Cycling the Isotopes

We have long been interested in Carbon isotope “excursions” and took a notion to integrate isotope ratios into a simple box model of the Carbon cycle with an eye to replicating these excursions. The initial result was surprising and it became apparent we will need to adjust our conception of the Carbon cycle to match measured values of atmospheric isotopic change before we venture into geological time.

Carbon Model

Each box has its name, the supposed reservoir size, and the observed 13C variance from the PDB standard. Fluxes are shown as appendages of the boxes with an indication of the direction and the supposed rate in Gt/year. The atmosphere is unique in that it communicates with all the other reservoirs. The input from the mantle to the atmosphere by way of volcanism is ignored as it currently seems very small.


We then set up calculations for the relationship of each reservoir with the atmosphere to derive the isotopic change in one year. The result was very surprising. It showed the atmosphere going -3.8 PDB, a very substantial excursion, in one year. We have measurements atmospheric 13C since 1978 and ice core data before that which generally agree that the atmosphere is actually moving more like -.02 per year, two orders of magnitude less.

The isotopes are telling us that our notion of the Carbon cycle is wrong.

When you step back and think about this all the reservoirs are much more negative than the atmosphere except the ocean. Either we are grossly overestimating the inputs from negative sources or we are grossly underestimating the input from the ocean.

We examine here the possibility that we are underestimating the ocean.

We have two boxes for the ocean, the mixed layer and the deep ocean. At +.5  it would take an enormous flux from the deep ocean to get the atmosphere back to -.02 per year. The deep ocean is isolated from the atmosphere by the mixed layer except for small areas of upwelling and deep water formation that amount to maybe 10% of the ocean surface. The mixed layer is in direct contact with the atmosphere over 60% of the planet even after subtracting the areas of deep water communication. At +2 it seems a much better bet for balancing the books.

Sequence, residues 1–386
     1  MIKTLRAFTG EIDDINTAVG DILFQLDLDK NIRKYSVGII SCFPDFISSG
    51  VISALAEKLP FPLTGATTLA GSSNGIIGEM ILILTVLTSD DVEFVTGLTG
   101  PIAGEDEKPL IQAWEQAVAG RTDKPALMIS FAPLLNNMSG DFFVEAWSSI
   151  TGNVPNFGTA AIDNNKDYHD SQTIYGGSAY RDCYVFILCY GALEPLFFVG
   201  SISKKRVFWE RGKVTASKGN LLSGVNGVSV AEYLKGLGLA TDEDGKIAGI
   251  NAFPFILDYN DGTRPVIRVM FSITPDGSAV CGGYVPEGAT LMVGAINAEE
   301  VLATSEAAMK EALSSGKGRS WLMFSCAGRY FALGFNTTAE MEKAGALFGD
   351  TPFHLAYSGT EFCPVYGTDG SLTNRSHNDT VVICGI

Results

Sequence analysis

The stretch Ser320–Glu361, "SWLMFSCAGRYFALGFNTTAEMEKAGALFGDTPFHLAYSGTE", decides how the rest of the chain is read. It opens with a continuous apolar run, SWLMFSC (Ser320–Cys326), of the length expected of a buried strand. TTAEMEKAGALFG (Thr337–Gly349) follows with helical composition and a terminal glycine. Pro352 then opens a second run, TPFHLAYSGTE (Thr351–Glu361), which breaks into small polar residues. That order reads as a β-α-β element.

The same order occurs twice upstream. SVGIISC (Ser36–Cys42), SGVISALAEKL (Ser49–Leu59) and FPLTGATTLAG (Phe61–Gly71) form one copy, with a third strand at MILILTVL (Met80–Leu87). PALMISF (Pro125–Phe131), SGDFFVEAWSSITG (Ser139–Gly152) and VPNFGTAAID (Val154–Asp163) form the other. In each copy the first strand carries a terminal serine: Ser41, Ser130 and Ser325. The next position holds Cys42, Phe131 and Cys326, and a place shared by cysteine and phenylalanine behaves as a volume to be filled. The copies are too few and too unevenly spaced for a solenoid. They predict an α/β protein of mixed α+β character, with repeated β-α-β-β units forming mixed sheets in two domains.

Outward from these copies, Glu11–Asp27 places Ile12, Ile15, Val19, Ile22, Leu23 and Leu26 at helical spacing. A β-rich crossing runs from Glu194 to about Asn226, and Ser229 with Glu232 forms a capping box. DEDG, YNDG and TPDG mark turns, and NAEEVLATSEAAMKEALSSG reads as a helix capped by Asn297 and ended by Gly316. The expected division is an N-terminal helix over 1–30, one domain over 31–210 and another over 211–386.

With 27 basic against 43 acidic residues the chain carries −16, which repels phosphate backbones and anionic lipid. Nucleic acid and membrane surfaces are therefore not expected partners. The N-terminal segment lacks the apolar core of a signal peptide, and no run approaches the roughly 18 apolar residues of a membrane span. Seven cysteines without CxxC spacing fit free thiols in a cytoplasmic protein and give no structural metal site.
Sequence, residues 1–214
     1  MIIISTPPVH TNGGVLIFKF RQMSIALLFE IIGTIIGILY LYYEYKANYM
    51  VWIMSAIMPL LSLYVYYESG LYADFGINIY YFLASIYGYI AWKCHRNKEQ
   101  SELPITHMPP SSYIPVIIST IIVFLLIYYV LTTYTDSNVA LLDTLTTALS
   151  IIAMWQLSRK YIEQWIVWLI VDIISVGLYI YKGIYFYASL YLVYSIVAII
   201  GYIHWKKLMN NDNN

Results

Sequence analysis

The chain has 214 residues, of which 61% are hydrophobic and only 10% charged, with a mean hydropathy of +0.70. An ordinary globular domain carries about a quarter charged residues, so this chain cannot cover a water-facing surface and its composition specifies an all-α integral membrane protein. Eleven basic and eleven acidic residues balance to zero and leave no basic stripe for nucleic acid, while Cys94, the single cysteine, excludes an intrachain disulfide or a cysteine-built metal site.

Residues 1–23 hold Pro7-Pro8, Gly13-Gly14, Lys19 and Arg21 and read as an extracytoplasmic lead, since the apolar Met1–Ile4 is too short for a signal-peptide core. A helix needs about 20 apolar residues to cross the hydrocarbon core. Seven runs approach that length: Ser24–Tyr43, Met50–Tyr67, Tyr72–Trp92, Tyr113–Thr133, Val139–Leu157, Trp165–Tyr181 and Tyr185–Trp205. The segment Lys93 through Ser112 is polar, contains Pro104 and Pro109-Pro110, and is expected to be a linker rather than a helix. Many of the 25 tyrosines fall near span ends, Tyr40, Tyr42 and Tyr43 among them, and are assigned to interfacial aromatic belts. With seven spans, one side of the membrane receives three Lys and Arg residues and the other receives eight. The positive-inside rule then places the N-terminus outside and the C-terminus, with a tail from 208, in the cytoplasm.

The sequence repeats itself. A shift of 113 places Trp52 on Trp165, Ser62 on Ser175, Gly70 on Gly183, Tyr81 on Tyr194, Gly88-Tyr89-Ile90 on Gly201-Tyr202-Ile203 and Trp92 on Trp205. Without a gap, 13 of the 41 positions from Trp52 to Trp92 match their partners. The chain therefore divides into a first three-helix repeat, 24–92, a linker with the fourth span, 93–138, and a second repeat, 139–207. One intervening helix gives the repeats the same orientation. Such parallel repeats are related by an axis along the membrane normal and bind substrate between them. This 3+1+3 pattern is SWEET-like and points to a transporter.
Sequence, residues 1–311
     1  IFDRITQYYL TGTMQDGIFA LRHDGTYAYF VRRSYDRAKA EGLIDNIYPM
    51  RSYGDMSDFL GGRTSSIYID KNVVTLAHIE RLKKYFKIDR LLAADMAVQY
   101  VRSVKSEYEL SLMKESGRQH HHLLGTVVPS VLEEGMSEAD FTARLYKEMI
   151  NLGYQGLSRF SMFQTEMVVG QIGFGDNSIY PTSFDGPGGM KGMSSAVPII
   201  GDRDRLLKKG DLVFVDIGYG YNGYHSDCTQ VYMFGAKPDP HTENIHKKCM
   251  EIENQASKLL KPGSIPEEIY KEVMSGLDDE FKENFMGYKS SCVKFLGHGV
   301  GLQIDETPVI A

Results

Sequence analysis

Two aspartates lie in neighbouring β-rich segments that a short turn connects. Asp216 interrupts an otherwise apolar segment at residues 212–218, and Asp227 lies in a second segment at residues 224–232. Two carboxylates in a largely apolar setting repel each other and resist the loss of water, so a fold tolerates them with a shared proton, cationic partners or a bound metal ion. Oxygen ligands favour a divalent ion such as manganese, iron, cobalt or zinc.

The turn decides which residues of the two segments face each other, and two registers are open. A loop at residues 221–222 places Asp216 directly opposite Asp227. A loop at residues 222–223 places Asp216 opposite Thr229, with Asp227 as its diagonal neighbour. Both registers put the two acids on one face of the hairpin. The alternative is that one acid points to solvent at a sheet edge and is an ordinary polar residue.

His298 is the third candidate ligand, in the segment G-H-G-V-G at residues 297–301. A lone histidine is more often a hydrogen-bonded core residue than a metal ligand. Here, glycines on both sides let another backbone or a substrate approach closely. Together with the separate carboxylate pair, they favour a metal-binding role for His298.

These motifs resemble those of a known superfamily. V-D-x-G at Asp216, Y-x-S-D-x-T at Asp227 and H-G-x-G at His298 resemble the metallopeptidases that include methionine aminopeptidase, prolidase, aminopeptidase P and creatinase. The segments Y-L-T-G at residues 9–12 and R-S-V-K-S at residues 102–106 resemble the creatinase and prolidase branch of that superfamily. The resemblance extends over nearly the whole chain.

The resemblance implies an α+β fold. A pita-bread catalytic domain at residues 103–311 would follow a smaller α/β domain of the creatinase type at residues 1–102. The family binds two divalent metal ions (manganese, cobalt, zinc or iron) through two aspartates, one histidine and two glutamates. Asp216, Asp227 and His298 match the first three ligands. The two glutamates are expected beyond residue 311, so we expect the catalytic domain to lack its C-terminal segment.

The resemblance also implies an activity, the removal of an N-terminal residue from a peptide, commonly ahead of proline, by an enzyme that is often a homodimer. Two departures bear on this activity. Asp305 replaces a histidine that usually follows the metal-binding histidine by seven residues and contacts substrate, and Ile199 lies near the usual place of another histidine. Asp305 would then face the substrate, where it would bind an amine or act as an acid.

We confess to adding a box “Swamp” to the model to explicitly deal with biogenic methane which has been measured as low as -100 PDB. This stuff is glub glubbing up from wetlands and much is released from coal mining and oil production. The consensus might be that it amounts to little more than half a Gt/year, but with its staggering negative PDB values we feel it must be included when isotopes are integrated into the cycle.

We initially had it at 10 Gt and realizing that would be controversial reduced it to 2 Gt at a PDB value of -50. We feel this is defensible.

The bottom line it that after reducing Swamp and holding everything else the same it takes 262 Gt/yr input from the mixed layer to get the atmosphere to -.02/yr. The response is very sensitive. For example 265 Gt knocks the atmospheric response down to -.0005. The 262 Gt is about five times the reputed rate, but not an impossible number.

It should be mentioned that evaporation filters isotopes in the same direction as biological filtration. See:

The only way evaporative enrichment can occur is if light (-PDB) Carbon is exported to the atmosphere along with the vapor. This may be a force supporting the measured 7 uatm pressure disequilibrium in favor of the atmosphere over the ocean surface. According to Kevin Trenberth some 4000 Gt of water evaporates from the ocean surface each year. This evaporation factor works against our efforts to balance the isotope ratios, even as it supports the notion of a greater flux.


Realistically, our understanding of the Carbon cycle is very poor and all of the fluxes and reservoir sizes should have error bars the size if the values themselves. Integrating isotope ratios offers a new way to constrain the possibilities.

This entry was posted in Carbon Cycle, Carbon Dioxide Loves to Swim, Climate and tagged . Bookmark the permalink.

One Response to Cycling the Isotopes

  1. Pingback: Doubling the Carbon Cycle | geosciencebigpicture

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